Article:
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Title: cap alpha. -chain locus of the T-cell antigen receptor is involved in the t(10; 14) chromosome translocation of T-cell acute lymphocytic leukemia

Abstract

Human leukemic T cells carrying a t(10;14)(q24;q11) chromosome translocation were fused with mouse leukemic T cells, and the hybrids were examined for genetic markers of human chromosomes 10 and 14. Hybrids containing the human 10q+ chromosome had the human genes for terminal deoxynucleotidyltransferase that has been mapped at 10q23-q25 and for C/sub ..cap alpha../ (the constant region of TCRA (the ..cap alpha..-chain locus of the T-cell antigen receptor gene)), but not for V/sub ..cap alpha../ (the variable region of TCRA). Hybrids containing the human 14q- chromosome retained the V/sub ..cap alpha../genes. Thus the 14q11 breakpoint in the t(10;14) chromosome translocation directly involves TCRA, splitting the locus in a region between the V/sub ..cap alpha../ and the C/sub ..cap alpha../ genes. These results suggest that the translocation of the C/sub ..cap alpha../ locus to a putative cellular protooncogene located proximal to the breakpoint at 10q24, for which the authors propose the name TCL3, results in its deregulation, leading to T-cell leukemia. Since hybrids with the 10q+ chromosome also retained the human terminal deoxynucleotidyltransferase gene, it is further concluded that the terminal deoxynucleotidyltransferase locus is proximal to the TCL3 gene, at band 10q23-q24.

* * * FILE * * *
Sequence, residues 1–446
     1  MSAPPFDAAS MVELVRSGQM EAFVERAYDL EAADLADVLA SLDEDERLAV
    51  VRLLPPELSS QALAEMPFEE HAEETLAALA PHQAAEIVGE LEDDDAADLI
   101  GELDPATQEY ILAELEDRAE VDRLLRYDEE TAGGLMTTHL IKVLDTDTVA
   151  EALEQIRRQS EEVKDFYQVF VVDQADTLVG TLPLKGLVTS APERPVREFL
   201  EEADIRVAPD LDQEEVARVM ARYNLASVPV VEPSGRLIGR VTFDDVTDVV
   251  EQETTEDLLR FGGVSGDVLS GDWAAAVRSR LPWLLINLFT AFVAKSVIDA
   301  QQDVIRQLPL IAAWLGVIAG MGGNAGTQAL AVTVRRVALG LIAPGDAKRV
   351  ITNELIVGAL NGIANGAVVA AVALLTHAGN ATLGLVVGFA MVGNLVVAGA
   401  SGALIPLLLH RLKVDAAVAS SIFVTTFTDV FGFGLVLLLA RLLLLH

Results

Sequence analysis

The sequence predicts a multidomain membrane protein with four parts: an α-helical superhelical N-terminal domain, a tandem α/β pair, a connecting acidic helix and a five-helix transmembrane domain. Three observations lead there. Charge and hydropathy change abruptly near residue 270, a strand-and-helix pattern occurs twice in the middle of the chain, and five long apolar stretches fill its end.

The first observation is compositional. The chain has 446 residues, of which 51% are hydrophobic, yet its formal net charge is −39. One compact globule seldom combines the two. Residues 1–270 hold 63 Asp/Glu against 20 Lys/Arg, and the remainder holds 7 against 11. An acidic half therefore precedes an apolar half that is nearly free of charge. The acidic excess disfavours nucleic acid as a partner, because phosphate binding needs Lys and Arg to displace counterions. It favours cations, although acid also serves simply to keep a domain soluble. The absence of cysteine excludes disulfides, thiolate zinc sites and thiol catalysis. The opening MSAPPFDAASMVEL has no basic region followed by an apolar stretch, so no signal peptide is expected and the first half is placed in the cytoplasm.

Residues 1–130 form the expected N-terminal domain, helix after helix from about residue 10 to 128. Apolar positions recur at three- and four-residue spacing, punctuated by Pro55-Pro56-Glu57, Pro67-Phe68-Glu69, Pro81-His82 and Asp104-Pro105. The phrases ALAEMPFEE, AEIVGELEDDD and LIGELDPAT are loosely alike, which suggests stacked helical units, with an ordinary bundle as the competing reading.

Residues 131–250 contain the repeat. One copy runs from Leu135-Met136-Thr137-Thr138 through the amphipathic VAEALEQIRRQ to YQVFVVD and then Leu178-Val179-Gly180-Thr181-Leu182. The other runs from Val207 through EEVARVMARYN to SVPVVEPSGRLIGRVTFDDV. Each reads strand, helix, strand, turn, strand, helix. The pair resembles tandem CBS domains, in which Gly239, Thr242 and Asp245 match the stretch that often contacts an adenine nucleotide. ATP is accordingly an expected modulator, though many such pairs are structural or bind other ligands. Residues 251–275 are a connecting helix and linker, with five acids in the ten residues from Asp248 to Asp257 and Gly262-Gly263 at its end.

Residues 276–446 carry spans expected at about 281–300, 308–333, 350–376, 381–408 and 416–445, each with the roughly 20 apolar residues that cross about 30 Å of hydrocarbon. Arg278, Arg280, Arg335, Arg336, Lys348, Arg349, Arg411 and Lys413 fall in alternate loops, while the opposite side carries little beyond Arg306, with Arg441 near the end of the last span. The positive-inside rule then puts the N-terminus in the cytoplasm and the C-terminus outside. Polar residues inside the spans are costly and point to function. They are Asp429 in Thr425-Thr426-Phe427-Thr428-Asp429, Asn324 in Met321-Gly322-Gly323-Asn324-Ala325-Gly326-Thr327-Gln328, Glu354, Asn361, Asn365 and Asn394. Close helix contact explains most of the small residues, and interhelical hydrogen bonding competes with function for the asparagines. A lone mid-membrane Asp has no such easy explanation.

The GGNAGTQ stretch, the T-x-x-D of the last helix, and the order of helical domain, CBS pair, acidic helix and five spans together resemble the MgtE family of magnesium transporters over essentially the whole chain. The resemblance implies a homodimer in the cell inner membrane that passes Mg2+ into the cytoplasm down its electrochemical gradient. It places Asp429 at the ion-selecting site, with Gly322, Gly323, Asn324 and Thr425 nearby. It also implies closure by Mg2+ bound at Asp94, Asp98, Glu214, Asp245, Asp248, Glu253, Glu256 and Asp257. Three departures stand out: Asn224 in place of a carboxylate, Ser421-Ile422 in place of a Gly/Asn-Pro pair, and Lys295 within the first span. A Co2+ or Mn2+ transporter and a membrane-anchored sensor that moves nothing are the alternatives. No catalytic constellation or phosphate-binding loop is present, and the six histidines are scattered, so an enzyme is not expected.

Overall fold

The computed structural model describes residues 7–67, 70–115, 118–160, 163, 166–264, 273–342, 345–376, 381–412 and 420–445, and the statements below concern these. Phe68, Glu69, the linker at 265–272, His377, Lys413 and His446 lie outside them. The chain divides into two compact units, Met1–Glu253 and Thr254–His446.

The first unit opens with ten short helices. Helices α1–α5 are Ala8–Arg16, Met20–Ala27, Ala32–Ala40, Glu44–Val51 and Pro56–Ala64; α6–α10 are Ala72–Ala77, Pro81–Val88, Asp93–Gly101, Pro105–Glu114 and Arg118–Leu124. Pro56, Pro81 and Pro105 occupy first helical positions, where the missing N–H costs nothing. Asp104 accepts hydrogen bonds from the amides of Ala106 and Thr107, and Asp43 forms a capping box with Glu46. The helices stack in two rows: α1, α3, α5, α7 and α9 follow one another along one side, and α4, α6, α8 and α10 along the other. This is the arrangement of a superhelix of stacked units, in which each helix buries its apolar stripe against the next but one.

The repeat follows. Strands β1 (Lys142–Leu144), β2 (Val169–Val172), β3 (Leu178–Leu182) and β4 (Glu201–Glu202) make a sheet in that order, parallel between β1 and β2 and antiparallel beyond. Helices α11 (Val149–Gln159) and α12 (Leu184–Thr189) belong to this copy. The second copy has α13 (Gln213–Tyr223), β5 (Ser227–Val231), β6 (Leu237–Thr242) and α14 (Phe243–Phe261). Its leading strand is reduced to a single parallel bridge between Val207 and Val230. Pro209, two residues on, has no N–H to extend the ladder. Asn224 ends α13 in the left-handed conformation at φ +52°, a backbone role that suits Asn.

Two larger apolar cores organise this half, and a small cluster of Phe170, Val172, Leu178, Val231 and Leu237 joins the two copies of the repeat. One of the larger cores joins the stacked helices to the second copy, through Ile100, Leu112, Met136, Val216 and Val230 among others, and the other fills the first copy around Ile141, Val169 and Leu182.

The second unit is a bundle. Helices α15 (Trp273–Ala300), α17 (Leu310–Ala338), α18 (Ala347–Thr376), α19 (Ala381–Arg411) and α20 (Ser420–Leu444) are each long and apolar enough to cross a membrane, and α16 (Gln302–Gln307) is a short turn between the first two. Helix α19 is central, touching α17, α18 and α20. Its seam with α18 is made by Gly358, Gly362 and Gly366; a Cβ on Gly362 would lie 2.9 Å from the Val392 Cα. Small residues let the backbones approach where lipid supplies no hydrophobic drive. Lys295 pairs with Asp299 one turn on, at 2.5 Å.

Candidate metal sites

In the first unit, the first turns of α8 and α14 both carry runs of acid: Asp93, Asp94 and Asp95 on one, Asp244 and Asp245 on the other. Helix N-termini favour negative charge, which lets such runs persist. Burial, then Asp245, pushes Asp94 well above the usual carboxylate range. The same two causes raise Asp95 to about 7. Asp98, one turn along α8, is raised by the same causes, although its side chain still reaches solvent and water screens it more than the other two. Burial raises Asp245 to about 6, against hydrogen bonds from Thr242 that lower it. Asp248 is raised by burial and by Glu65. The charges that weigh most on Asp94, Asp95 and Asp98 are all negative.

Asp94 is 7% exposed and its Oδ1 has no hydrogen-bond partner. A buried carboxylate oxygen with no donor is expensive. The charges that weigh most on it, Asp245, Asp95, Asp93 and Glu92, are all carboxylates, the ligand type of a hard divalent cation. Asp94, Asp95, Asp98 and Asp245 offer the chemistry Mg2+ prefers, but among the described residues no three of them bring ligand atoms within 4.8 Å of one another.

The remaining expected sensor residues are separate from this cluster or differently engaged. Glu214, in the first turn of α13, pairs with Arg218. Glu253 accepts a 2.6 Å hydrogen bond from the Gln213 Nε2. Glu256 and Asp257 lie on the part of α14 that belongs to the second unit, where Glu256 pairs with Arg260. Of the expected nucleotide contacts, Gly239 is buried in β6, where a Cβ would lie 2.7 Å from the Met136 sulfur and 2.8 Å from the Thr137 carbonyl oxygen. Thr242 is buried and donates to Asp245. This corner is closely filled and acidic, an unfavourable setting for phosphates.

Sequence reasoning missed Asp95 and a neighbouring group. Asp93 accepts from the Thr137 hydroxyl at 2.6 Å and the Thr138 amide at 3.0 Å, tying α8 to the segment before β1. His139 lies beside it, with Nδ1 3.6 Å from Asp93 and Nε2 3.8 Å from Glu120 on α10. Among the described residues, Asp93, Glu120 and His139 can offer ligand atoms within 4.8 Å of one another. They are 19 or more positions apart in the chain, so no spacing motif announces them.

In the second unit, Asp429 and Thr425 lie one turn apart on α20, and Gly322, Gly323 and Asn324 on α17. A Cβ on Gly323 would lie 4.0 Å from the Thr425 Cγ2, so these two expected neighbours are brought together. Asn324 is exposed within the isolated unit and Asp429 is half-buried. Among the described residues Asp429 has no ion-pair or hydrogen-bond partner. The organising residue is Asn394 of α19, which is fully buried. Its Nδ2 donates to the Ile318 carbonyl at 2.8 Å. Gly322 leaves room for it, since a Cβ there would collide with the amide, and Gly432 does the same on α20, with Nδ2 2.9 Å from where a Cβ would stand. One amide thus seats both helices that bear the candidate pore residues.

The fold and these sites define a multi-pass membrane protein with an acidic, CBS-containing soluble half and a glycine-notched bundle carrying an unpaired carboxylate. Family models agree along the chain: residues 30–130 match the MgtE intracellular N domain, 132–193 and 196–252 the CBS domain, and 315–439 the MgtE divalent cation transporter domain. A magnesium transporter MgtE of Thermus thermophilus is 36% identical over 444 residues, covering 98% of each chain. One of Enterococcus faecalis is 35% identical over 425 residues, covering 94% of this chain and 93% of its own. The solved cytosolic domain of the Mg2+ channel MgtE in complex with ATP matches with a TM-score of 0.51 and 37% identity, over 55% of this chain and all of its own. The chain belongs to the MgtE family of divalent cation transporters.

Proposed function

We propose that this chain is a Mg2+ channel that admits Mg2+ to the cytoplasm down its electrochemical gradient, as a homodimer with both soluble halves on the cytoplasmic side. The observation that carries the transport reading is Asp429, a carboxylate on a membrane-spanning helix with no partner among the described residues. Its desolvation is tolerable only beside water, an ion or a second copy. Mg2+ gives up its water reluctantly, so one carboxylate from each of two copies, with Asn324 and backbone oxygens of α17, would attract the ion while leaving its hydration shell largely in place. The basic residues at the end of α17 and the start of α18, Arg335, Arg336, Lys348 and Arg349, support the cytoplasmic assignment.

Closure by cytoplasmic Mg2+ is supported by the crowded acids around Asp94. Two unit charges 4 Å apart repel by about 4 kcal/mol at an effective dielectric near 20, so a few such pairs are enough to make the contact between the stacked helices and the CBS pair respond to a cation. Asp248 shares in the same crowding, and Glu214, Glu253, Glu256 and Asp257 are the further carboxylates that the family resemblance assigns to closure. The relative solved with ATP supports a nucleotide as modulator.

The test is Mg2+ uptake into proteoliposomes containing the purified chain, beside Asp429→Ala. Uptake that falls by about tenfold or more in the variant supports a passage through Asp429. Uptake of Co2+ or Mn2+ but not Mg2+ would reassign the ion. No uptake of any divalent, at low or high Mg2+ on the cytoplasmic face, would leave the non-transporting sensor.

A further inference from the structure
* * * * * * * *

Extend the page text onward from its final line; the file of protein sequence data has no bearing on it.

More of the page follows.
Authors:
; ; ; ; ;
Publication Date:
Research Org.:
Wistar Institute, Philadelphia, PA (USA)
OSTI Identifier:
5316254
Resource Type:
Journal Article
Resource Relation:
Journal Name: Proc. Natl. Acad. Sci. U.S.A.; (United States); Journal Volume: 84:13
Country of Publication:
United States
Language:
English
Subject:
59 BASIC BIOLOGICAL SCIENCES; LEUKEMIA; GENETICS; RECEPTORS; BIOCHEMISTRY; TUMOR CELLS; CHROMOSOMAL ABERRATIONS; HYBRIDIZATION; ANTIGENS; ELECTROPHORESIS; GENE RECOMBINATION; KARYOTYPE; LYMPHOCYTES; MICE; ONCOGENES; PATIENTS; PHOSPHORUS 32; TRANSFERASES; ANIMAL CELLS; ANIMALS; BETA DECAY RADIOISOTOPES; BETA-MINUS DECAY RADIOISOTOPES; BIOLOGICAL MATERIALS; BIOLOGY; BLOOD; BLOOD CELLS; BODY FLUIDS; CHEMISTRY; CONNECTIVE TISSUE CELLS; DAYS LIVING RADIOISOTOPES; DISEASES; ENZYMES; GENES; HEMIC DISEASES; ISOTOPES; LEUKOCYTES; LIGHT NUCLEI; MAMMALS; MATERIALS; MEMBRANE PROTEINS; MUTATIONS; NEOPLASMS; NUCLEI; ODD-ODD NUCLEI; ORGANIC COMPOUNDS; PHOSPHORUS ISOTOPES; PROTEINS; RADIOISOTOPES; RODENTS; SOMATIC CELLS; VERTEBRATES; 550401* - Genetics- Tracer Techniques; 550201 - Biochemistry- Tracer Techniques

Citation Formats